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May 19, 2017

 

Opportunity Culture Wendell Phillips  

 
It’s
celebration time at Wendell Phillips School 63.

 

“One of my
students got excited yesterday because after getting all of the questions wrong
on his computer assignment, he finally got them all right. He let out a loud,
‘Wow,’ as loud as he could because he finally got an A. It was really cute,”
said Alex Raynor, a third-grade teacher at Wendell Phillips.   

 

Sharing
student success stories is how third-grade teachers at the west side school
start their weekly Professional Learning Community (PLC) meetings. Tristan
Bragg is their head cheerleader.Opportunity Culture Wendell Phillips

 

“Yesterday,
all of my kids got all of the questions right! I want to celebrate that!” said Bragg.

 

Bragg has a
unique position at Wendell Phillips. She’s more than a teacher. She’s also a
leader who coaches other teachers.

 

“I really
enjoy instructional coaching and empowering teachers to do great things for
their kids and their room through content,” said Bragg, whose formal title is Multi-Classroom
Leader (MCL).

 

Bragg is
part of a new program in IPS called Opportunity Culture (OC).

 

The district
is the first in the state of Indiana to develop an Opportunity Culture model,
which extends the reach of excellent teachers and their teams to more students,
for more pay, through a new and innovative staffing framework. Depending on the
level of responsibility, stipends for the OC teacher range from $6,800 to
$18,300 for different leadership roles without having to leave the classroom!
The stipends are in addition to the tearcher’s annual salary.

 

Bragg is a
MCLII, meaning she leads two to three other teachers and carries the student
load equal to four to six teachers.

 

“My job here
is I coach third- and fourth-grade teachers on all subjects and all content. I
hold weekly PLCs and data analysis with teachers. I observe, give feedback and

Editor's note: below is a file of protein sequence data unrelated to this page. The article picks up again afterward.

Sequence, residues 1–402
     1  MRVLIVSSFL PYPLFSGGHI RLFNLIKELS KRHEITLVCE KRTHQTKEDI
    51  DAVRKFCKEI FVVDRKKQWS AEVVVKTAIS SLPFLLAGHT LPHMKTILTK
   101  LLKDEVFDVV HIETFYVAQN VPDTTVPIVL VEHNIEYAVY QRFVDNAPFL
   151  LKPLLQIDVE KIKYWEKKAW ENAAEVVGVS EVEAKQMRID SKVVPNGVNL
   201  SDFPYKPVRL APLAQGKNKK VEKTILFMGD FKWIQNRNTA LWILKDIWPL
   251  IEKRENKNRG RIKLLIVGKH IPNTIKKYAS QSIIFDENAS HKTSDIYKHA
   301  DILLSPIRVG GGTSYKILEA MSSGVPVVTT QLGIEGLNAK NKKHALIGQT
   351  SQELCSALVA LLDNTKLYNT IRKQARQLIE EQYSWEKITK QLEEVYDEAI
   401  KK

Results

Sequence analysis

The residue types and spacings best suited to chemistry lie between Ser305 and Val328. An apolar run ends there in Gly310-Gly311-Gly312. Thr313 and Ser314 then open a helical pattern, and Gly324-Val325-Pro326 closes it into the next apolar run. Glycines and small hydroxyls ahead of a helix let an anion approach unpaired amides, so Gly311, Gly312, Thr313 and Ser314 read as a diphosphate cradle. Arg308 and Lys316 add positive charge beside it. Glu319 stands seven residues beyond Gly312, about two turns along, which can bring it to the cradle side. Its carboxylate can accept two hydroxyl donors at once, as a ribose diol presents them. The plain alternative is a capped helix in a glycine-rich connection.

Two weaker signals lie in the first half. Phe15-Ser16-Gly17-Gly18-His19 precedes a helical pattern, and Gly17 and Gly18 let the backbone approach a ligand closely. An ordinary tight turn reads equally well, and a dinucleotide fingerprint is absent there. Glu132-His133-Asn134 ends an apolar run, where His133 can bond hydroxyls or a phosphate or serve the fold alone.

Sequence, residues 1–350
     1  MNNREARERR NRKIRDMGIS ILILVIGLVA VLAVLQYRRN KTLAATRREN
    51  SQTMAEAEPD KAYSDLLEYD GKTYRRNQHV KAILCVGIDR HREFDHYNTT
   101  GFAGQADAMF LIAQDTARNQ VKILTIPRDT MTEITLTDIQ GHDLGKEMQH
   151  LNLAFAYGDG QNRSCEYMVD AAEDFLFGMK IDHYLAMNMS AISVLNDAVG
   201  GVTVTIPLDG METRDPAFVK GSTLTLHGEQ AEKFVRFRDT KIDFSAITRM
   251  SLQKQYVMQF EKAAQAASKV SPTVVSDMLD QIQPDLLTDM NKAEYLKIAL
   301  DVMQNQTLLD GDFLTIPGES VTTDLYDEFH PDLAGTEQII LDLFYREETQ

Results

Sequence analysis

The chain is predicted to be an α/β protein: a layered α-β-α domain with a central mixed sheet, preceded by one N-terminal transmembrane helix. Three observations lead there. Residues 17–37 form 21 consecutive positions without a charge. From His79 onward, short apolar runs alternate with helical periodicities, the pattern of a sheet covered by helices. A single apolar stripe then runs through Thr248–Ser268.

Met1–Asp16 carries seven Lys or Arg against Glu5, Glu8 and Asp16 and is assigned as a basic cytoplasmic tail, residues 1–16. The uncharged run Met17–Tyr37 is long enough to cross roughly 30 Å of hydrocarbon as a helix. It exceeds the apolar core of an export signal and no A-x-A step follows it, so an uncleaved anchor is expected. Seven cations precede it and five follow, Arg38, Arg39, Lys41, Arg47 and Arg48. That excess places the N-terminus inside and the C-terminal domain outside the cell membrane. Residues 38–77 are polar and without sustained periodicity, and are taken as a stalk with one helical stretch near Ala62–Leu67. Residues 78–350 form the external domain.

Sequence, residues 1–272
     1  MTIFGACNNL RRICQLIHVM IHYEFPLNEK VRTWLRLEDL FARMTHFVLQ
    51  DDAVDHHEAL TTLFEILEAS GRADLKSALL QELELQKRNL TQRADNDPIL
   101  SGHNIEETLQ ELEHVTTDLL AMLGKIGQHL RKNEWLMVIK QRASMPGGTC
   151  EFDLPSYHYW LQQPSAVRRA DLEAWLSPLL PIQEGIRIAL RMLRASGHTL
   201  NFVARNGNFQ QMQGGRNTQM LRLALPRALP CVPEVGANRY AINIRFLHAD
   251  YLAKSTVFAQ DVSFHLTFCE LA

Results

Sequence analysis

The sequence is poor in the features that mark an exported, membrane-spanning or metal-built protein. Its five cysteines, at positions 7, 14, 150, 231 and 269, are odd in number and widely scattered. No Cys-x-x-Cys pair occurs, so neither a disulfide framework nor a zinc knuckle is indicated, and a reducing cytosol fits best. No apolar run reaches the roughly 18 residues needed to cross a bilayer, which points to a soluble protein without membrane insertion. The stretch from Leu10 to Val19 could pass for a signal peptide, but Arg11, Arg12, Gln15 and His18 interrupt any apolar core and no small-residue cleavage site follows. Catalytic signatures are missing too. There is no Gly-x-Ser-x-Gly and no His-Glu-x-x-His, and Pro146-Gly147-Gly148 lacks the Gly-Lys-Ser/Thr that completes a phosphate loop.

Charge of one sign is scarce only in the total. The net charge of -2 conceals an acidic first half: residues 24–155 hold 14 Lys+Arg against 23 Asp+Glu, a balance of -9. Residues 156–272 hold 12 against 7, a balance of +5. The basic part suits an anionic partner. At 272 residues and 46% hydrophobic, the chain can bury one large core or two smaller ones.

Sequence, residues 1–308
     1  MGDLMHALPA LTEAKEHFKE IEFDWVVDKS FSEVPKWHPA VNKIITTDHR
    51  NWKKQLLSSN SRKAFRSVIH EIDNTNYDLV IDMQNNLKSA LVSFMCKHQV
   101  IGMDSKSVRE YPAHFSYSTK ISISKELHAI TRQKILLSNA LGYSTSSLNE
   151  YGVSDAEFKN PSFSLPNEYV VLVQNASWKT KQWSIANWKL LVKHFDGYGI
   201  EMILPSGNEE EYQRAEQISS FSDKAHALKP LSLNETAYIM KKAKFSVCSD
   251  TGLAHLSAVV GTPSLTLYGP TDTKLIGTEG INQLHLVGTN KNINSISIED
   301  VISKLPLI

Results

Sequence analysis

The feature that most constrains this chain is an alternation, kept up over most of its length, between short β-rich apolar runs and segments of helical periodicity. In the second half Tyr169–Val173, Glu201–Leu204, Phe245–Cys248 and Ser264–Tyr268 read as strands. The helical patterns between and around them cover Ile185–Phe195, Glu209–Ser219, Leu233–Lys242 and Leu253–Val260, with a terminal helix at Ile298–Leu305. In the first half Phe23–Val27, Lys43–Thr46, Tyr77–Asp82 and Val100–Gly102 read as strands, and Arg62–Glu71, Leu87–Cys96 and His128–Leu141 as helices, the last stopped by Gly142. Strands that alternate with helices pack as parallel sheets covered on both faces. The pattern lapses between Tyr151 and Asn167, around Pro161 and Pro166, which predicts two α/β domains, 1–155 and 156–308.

coach them to meet their personal goals and the district goals,” said Bragg.

 

The teachers
love it!

 

“Honestly, I
was not sure at the beginning how it was going to work or what it was going to
look like, but I absolutely love it,” said Raynor. “I feel like this year, I’ve
learned and grown more than in the last five years that I’ve been a teacher. So,
it’s been amazing and (Bragg) is incredible.”

 

Raynor was
part of the design team last year to help create the program tailor-made for
their students and teachers. Principal Paul Wirth spearheaded the efforts.

 

“Our Opportunity Culture Design Team decided to start at third and fourth
grade this year because assessment scores on IREAD-3 and ISTEP were not showing
appropriate growth,” said Wirth.

 

In addition
to coaching teachers, Bragg also spends plenty of time in the classroom teaching.  It’s her first love, and she’s thrilled to
continue it.

 

“What
excited me the most is I was a third-grade teacher and I know what type of
support you need with it being the first year students take the state tests
here in Indiana,” said Bragg.  “That’s
what attracted me to the position. The extra money was an added bonus.”

 

Wendell
Phillips is one of six schools finishing its first year of OC. Eleven more
schools have been in the design phase this year with plans to implement in the
2017-2018 school year. 

 

“In IPS,
Opportunity Culture is available to any school that wants it. It’s all a part
of the autonomy the schools have to tailor their programming to the specific
needs of their school, students and culture,” said Mindy Schlegel, IPS human resources
officer.

 

“It’s been
very beneficial for me because it’s my first full year. Last year, I came in
halfway through the year and I just kind of felt like I was surviving. This year
I feel like I’m really pushing forward because I have so much support,” said
Koehler Griffin, a third-grade teacher at Wendell Phillips.

 

Prior to
implementing OC, Wendell Phillips had a K-6 literacy coach who provided support
to all 20 teachers in the building. 

 

“We don’t
share Ms. Bragg. She’s a more personal coach. She gets to know us and then goes
along with our style,” said Griffin.

 

“I work hard
to support relationships with teachers and kids so that when we’re designing
learning activities or adjusting the schedule, I already know what kid can
handle it and what kid might need some additional support,” said Bragg.

 

“Just
getting to watch her teach and have somebody who can explain to you what the
lesson should look like makes a big difference,” said Raynor.  “Getting to
co-teach with her is the icing on the cake.  She co-teaches for us, plans
with us, models with us.  It’s just making us better teachers.”

 

“Just
getting to watch her teach, to have somebody who can explain to you what the
lesson should look like and help you,” said Raynor. “Getting to co-teach with
her. She co-teaches for us, plans with us, models with us. It’s just making us
better teachers.”

 

IPS is
currently accepting applications for Opportunity Culture Teacher Leadership
positions for 2017-2018 on a rolling basis. To learn more about Opportunity
Culture, go to: myips.org/opportunityculture.